The Sea of Islands that is the Pacific is divided into three great cultural areas: Polynesia and Melanesia lie mostly below the equator while Micronesia is above it. The name Polynesia comes from the Greek words poly (many) and nesos (islands). The Polynesian Triangle has Hawaii at its north apex, New Zealand 8,000 km to the southwest, and Easter Island an equal distance to the southeast. Melanesia gets its name from the Greek word melas (black), probably for the dark appearance of its inhabitants as seen by the early European navigators. Micronesia comes from the Greek word mikros (small), thus, the "small islands".
The term Polynesia was coined by Charles de Brosses in 1756 and applied to all the Pacific islands. The present restricted use was proposed by Dumont d'Urville during a famous lecture at the Geographical Society in Paris in 1831. At the same time he also proposed the terms Melanesia and Micronesia for the regions that still bear those names. The terms are not particularly good, considering that all three regions have "many islands" and "small islands"; in Melanesia it is not the islands, but the people, that are black.
The notion that the Pacific islands and their peoples are all similar—if you've seen one you've seen 'em all—is a total fallacy. No other group of six million people anywhere on earth comes from such a variety of cultures. The population is divided between Melanesians (80 percent), Polynesians (7 percent), Asians (6 percent), Micronesians (5 percent), and Europeans (2 percent). Ninety percent of the people live on high islands, the rest on low islands and atolls. About a million reside in urban areas. The region's charming, gentle, graceful peoples are among its main attractions.
The Polynesians, whom Robert Louis Stevenson called "God's best, at least God's sweetest work," have fine features, almost intimidating physiques, and a soft, flowing language. One theory holds that the Polynesians evolved their great bodily stature through a selective process on their long ocean voyages, as the larger individuals with more body fat were better able to resist the chill of evaporating sea spray on their bodies (polar animals are generally larger than equatorial animals of the same species for the same reason). Other authorities ascribe the Polynesian's huge body size to a high-carbohydrate vegetable diet.
The ancient Polynesians developed a rigid social system with hereditary chiefs; descent was usually through the father. In most of Polynesia there were only two classes, chiefs and commoners, but in Hawaii, Tahiti, and Tonga an intermediate class existed. Slaves were outside the class system entirely, but there were slaves only in New Zealand, the Cook Islands, and Mangareva. People lived in scattered dwellings rather than villages, although there were groupings around the major temples and chiefs' residences.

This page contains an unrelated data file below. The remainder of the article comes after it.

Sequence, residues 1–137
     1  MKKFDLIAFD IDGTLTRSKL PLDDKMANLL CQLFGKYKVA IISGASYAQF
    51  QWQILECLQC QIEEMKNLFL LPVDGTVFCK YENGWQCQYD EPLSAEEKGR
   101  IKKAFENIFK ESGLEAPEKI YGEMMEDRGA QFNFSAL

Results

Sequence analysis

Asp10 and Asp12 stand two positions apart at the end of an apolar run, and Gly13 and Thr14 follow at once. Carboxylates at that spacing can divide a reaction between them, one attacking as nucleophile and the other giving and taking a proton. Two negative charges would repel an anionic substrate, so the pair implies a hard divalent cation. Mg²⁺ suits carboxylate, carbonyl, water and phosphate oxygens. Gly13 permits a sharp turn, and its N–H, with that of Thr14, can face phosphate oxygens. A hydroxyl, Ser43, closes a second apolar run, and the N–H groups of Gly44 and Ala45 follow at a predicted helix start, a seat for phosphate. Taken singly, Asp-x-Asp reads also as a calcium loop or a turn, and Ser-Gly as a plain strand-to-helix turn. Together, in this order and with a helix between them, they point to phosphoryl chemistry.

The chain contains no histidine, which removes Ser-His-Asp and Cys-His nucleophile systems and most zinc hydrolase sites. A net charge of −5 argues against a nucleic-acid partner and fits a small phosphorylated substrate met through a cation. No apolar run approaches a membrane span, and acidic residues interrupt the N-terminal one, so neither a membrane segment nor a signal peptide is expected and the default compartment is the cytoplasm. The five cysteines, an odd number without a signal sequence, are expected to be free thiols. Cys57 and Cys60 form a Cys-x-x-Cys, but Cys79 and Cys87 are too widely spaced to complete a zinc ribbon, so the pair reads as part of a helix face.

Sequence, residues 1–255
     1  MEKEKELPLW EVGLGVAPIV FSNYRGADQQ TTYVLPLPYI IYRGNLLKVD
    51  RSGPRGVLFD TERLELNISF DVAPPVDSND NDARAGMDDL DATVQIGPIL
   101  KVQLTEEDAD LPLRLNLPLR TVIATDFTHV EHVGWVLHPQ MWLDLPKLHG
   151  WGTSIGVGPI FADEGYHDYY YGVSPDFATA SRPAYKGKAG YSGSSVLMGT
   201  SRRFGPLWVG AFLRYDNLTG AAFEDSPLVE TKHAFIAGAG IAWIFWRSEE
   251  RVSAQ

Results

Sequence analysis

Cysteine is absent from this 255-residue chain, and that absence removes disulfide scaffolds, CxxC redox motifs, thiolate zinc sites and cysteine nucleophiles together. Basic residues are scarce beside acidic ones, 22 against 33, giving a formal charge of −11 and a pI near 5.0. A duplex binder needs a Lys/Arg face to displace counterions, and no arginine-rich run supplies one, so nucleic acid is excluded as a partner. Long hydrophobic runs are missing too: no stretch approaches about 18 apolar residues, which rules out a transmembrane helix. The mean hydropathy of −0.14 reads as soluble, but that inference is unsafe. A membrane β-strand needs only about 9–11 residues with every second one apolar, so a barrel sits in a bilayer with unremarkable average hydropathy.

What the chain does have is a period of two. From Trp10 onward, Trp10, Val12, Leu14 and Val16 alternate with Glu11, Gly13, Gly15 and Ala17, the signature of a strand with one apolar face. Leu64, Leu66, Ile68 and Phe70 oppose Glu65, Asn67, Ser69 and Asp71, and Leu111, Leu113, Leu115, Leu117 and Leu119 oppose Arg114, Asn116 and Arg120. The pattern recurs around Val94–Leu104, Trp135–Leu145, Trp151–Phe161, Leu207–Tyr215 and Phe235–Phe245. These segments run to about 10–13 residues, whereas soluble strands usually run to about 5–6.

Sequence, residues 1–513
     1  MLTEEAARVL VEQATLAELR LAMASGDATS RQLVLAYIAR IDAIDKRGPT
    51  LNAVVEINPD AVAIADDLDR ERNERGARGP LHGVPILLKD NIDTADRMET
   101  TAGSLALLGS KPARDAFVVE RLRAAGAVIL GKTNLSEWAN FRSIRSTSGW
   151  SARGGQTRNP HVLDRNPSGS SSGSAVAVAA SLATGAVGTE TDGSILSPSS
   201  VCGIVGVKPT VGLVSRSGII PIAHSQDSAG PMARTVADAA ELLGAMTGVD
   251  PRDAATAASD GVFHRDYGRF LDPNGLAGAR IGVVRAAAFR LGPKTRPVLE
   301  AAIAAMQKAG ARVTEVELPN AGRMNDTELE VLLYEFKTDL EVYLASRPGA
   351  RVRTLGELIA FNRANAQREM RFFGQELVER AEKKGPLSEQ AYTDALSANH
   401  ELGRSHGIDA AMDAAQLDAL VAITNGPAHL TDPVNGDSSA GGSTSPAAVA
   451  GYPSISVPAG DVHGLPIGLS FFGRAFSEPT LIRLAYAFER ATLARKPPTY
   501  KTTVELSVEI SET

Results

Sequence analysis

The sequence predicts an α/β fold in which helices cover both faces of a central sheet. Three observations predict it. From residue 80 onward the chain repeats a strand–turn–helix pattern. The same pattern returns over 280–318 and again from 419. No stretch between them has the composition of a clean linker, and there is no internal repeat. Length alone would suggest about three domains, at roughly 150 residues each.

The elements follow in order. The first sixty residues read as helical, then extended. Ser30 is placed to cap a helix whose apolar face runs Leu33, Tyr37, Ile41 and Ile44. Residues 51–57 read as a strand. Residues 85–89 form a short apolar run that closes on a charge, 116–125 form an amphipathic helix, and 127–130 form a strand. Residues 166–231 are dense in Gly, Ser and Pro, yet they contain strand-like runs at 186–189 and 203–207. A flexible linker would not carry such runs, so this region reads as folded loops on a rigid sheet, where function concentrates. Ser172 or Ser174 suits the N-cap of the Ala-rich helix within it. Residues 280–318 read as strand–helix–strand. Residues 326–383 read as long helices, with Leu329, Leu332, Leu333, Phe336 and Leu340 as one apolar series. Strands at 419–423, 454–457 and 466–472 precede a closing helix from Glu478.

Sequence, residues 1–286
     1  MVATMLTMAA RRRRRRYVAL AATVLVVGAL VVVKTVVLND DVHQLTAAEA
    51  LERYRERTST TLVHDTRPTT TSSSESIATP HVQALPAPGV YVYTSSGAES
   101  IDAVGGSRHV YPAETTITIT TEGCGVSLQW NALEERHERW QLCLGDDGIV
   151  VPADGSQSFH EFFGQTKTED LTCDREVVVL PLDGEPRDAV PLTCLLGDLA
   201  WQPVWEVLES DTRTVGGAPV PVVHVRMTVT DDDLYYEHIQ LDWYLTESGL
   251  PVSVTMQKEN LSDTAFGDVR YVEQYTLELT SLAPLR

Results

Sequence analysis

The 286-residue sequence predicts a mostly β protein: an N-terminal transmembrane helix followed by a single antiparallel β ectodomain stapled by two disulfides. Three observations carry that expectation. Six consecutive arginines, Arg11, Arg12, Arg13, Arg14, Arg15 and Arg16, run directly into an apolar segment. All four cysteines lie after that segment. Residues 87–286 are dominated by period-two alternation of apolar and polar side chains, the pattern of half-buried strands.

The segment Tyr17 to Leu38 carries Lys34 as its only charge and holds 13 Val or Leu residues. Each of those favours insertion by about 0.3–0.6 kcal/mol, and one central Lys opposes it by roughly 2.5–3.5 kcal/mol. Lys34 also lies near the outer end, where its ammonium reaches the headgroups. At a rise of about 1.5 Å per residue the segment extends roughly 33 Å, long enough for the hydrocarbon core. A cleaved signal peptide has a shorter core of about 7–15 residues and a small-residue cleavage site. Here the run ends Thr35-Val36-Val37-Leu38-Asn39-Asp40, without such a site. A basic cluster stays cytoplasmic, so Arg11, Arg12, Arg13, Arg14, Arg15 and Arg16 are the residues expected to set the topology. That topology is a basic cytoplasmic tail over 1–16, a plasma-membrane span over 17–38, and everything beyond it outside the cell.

They lived from fishing and agriculture, using tools made from stone, bone, shell, and wood. The men were responsible for planting, harvesting, fishing, cooking, house and canoe building; the women tended the fields and animals, gathered food and fuel, prepared food, and made clothes and household items. Both males and females worked together in family or community groups, not as individuals.
The Polynesians lost the art of pottery making during their long stay in Havaiki (Western Polynesia) and had to cook their food in underground ovens (umu). Breadfruit, taro, yams, sweet potatoes, bananas, and coconuts were cultivated (the Polynesians had no cereals). Pigs, chickens, and dogs were also kept for food, but the surrounding sea yielded the most important source of protein.
Numerous taboos regulated Polynesian life, such as prohibitions against taking certain plants or fish that were reserved for exploitation by the chiefs. Land was collectively owned by families and tribes, and there were nobles and commoners. Though the land was worked collectively by commoners, the chiefly families controlled and distributed its produce by well-defined customs. Large numbers of people could be mobilized for public works or war.
Two related forces governed Polynesian life: mana and tapu. Mana was a spiritual power of which the gods and high chiefs had the most and the commoners the least. In this rigid hierarchical system, marriage or even physical contact between persons of unequal mana was forbidden, and children resulting from sexual relations between the classes were killed. Our word "taboo" originated from the Polynesian tapu. Early missionaries would often publicly violate the taboos and smash the images of the gods to show that their mana had vanished.
Most Melanesians live on high, volcanic islands and great differences exist between the bush people of the interiors and the saltwater people of the coasts. There's also great variety among the tribes of the interior; for centuries they waged wars with each other. Some clans were matrilineal, others patrilineal.